- Long time food purveyors Tyson Foods, Campbell Soup, and Hershey are making their way into the $177 million-plus meal in a box market, The Wall Street Journal reported Monday.
- Despite high promises, the meal kit delivery business has proven fairly volatile as at least half a dozen meal kit startups have closed or reorganized to recover costs. Yet, the threat of disruption and the growing valuation of "freshness" in food is making larger companies look to the process for a new revenue stream.
- With ingredients already on hand, joining the meal kit revolution has proven easy for long-time producers, who need only assemble meals from their own ingredients, rather than sourcing out along the supply chain.
The idea of presenting pre-assembled meals is hardly new (consider the ever-popular Lunchables line), but meal kit delivery as a business requires an impeccable supply chain. Considering assembly, ingredient and transport costs, the price to production ratio is unlikely to be high.
In other words, supply chain management is pivotal to success in the meal-delivery market. Rather than selling to grocery stores, the direct-to-consumer nature makes quality control essential, as a spoiled product can severely tarnish the brand or service. The quality of a provider's cold chain can be a determining factor in this B2C race.
Second, kitting as a practice is itself a logistical challenge. While the healthcare industry mastered the practice through kit-focused warehouses where inventory is stored separately until a kit order is placed, the perishable nature of food renders the practice unfeasible. Companies marketing their kits' freshness cannot store apples in a warehouse for a month before assembly.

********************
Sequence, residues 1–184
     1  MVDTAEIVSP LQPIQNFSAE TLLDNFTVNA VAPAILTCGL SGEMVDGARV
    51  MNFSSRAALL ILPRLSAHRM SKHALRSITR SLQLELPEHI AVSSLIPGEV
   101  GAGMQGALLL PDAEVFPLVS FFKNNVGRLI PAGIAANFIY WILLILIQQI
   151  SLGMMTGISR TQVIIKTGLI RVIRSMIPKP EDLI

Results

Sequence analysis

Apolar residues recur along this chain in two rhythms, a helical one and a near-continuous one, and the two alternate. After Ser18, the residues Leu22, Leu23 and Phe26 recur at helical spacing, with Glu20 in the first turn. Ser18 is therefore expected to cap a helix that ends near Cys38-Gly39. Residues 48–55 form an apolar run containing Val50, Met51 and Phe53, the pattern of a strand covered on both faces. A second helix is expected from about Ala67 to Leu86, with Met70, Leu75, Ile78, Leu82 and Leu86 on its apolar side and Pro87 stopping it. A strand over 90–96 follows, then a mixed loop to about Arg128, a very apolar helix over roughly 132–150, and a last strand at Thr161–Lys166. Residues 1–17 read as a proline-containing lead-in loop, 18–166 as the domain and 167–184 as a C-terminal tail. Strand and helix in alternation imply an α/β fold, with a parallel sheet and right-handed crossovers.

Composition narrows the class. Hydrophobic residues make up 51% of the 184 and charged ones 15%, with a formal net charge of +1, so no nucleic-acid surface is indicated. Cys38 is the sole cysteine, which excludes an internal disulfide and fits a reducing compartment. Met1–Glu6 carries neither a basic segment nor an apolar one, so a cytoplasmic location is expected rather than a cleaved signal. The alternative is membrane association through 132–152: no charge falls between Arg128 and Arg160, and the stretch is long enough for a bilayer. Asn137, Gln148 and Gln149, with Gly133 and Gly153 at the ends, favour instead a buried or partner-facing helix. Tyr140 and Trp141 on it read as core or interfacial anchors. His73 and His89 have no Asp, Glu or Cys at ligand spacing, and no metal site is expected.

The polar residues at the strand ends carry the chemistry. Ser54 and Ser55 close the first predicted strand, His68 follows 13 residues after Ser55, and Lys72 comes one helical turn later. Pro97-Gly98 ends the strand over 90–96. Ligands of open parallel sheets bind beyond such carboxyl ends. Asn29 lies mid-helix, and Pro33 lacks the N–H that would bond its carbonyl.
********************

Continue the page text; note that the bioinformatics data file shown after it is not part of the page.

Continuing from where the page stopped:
Instead, meal kits must be sourced, assembled and delivered to the consumer in a single package within a few days of an order's placement. While the pre-determined nature of the kits allow some predictability for the supply chain manager, the process is a logistical nightmare. No wonder many companies have tried and failed.
The competition between startups and more established food companies over meal kits can be likened to the early days of e-commerce, and the same lessons will likely apply. Meal-kit startups are selling convenience and freshness, but lack control upstream and capacity downstream. Their disruptive idea is in many ways like Amazon's. Blue Apron, perhaps learning from the e-commerce giant, has invested heavily in downstream capacity amid fulfillment pressures.
Meanwhile, the established food giants are embracing the innovation as an opportunity for new revenue streams amid declining grocery-store sales. Like Wal-Mart's foray into e-commerce, the established actors have long-standing relationships with suppliers and distributors, as well as various sources of inventory that can be quickly transformed into a diverse kit. Theoretically, with an established meal-kit brand a company could cut waste by turning excess inventory into a sellable product.
Unlike the e-commerce disruptor, however, meal kits are yet to become popular — then again, Amazon did not turn a net profit for at least eight years. Regardless, given the large upstream and downstream pressures on meal kits, the competition will remain an interesting case study for supply chain managers.